I have 4 six-volt batteries and a 1000w inverter. I turn it on by pushing a button. I usually turn it off when connected to shore power. My refrigerator runs 8 hours at a very minimum without connecting to shore power, even if truck not connected for some of those hours. I suspect it'd run a LOT longer than that on those batteries. I also imagine that the trucks 12v system merely slows the rate of 12v battery decay some. I doubt it'd charge the batteries totally ever.
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Old 09-27-2018, 10:09 AM   #8
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You guys are making me think I should go with the propane refrigerator.

I will be traveling and boon docking a lot. So are you guys happy with the residential frig?
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Old 09-27-2018, 10:12 AM   #9
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I'm very happy. 2nd best thing on my unit. BUT.........if you boondock without a ton of solar and high end batteries, maybe not for you. We are almost always at FHU sites.
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Old 09-27-2018, 10:27 AM   #10
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I have four six volt Trojans and my residential refrigerator will run for four days without running my batteries below 60%. I have tested it out. I boondock some too. I usually run my Hondaís for air conditioner so they charge the batteries too. DW would not go back to a propane refrigerator. Our residential refrigerator keeps food colder plus we have a ice maker
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Old 09-27-2018, 10:29 AM   #11
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dilemma!

my understanding is that a full size absorption refrigerator is pretty expensive. so it is going to cost some dollars to pull the residential refrigerator out and put an absorption one in. it would also cost a bit to put in additional batteries, solar, or generator to increase the run time on the residential refrigerator.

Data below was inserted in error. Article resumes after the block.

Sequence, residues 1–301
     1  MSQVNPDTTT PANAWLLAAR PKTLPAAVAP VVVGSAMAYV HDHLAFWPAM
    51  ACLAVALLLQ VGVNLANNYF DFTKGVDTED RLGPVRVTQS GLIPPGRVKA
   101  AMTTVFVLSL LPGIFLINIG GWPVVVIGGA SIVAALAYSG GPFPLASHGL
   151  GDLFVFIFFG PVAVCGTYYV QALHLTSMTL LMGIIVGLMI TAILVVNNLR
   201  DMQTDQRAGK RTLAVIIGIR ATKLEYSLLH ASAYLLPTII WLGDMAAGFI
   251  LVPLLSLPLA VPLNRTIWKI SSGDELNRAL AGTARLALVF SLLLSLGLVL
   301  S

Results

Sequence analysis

what to do?
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Old 09-27-2018, 10:32 AM   #12
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We really like the full size fridge. We only have 2 12V batteries and have not had a problem while traveling. We do stay with FHU and have not done any boon docking.
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Old 09-27-2018, 10:37 AM   #13
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Quote:
Originally Posted by Indymule View Post
We really like the full size fridge. We only have 2 12V batteries and have not had a problem while traveling. We do stay with FHU and have not done any boon docking.
No problems here either even in the dead of summer refrigerator stays on and batteries charged.
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Old 09-27-2018, 11:00 AM   #14
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Also , I assume that your truck output voltage was read when truck was off or maybe idling , when the truck is underway and you have some RPM the voltage will move up , well into 13 volts .
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Old 09-27-2018, 12:14 PM   #15
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Choosing which refrigerator is tough.

A gas electric runs for a long time on the gas. However, it does use battery, but a lot less.

Both have pluses and minuses.

Keep,in mind P=VI.

Get the Watts to operate the residential fridge. Add 15% for inverters loss. All fridges are different. Big ones use more.

Divide by 12.5 volts. That gives you the use per hour in amps. Running time depends on the outside temperature. South Texas is different than North Dakota.

A marine 12 volt battery has about 40 amps to give. I have 4 6 volts and have about 260 amps. We choose a 13 cubic foot rv fridge. Big enough for the DW and I. We can boondock for 3-4 days easy without a connection.

If you have a built in generator the answer is easy.